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 February 18, 2009
Cadbury Partners with Dairy Farmers to Shrink the Carbon Footprint of Milk Chocolate

 Uxbridge, UK -- With milk production accounting for more than 60 percent of the carbon footprint for its chocolate, confectioner Cadbury is teaming up with dairy farmers to trim down that figure -- and a big part of the strategy is putting cows on a lower-fiber diet so that they "burp" less.

Improving herd health and welfare so cows produce more milk, more prudent use of fertilizer and reducing energy consumption by using timers or sensors -- or by simply turning off dairy equipment and lights when not in use -- are the other major action points in the pilot program Cadbury is undertaking with dairy farmers in the milk producer group Selkley Vale in Wiltshire and Gloucestershire counties in South West England.

The drive to reduce emissions from milk production is part of Cadbury's "Purple Goes Green" environmental initiative, which includes a goal to reduce the firm's absolute carbon emissions by 50 percent come 2020.
Cows should burp less on the Cadbury diet.
CC license by Flickr user Richard Cocks - see image at http://www.flickr.com/photos/80719516@N00/310410623/

In initiating the dairy project, the firm worked with the Carbon Trust to calculate the carbon footprint for its milk chocolate. And in drawing up the "Cadbury Guide to Low Carbon Dairy Farming," which embraces the action points and other farm management best practices, the firm seeks to bear down on carbon dioxide, which contributes to 23 percent of the emissions from an average dairy farm, methane, which accounts for 25 percent and nitrous oxide, which is responsible for 52 percent.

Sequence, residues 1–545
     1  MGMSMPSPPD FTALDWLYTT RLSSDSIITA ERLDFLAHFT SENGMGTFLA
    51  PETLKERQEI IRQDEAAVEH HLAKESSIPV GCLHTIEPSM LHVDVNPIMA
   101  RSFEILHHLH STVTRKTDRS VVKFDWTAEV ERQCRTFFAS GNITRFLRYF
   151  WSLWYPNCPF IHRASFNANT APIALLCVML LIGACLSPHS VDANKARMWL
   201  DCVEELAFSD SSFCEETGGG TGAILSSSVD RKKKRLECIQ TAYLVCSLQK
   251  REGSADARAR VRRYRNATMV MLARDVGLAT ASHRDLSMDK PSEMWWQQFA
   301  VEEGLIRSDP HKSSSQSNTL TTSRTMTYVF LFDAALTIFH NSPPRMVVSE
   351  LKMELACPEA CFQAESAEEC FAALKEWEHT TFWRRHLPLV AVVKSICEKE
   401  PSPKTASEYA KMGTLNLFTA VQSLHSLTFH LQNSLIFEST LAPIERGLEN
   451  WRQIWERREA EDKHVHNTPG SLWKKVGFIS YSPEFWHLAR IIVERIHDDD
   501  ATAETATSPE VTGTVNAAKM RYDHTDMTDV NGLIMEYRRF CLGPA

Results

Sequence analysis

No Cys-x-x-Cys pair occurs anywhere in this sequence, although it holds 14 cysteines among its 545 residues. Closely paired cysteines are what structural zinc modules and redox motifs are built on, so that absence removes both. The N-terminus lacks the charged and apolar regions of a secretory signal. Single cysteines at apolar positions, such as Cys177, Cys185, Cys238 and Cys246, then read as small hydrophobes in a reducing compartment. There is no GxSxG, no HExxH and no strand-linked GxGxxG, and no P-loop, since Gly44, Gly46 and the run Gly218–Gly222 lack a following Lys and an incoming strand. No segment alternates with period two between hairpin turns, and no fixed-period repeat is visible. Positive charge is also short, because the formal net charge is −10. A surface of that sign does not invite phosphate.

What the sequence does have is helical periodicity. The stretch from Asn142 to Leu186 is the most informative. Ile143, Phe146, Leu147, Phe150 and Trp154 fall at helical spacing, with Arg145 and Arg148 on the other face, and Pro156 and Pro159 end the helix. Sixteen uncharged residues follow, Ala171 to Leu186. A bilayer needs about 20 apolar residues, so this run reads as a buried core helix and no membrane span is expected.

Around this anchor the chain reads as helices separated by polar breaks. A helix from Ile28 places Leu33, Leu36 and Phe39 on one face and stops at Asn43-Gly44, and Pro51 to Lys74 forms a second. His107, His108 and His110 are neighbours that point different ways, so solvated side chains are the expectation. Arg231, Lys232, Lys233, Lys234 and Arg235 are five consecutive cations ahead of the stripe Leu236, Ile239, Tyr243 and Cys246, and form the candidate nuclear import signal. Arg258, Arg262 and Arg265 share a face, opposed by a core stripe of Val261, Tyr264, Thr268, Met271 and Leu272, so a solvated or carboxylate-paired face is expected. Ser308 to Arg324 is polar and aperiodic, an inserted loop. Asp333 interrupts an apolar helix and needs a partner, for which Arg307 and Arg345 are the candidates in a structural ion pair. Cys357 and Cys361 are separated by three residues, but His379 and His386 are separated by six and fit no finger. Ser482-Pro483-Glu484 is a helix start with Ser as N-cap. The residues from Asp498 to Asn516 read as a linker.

The greenhouse gases produced by dairy cows can add up: The average dairy cow emits 80kg to 120kg of methane a year, the firm says, citing statistics from the UN Food & Dairy Organisation. Those emissions, the company continues, are equivalent to the emissions from a year's worth of driving the average family car.

The dairy farm pilot project is expected to run for at least a year.

"Reducing our emissions is an exciting challenge," Ian Walsh, Cadbury's global head of environment, said in a statement. "When I started in this role I had no idea I would find myself in a field in Wiltshire discussing how to reduce the carbon emissions from burping cows. But it does demonstrate Cadbury's determination to examine every level of our supply chain."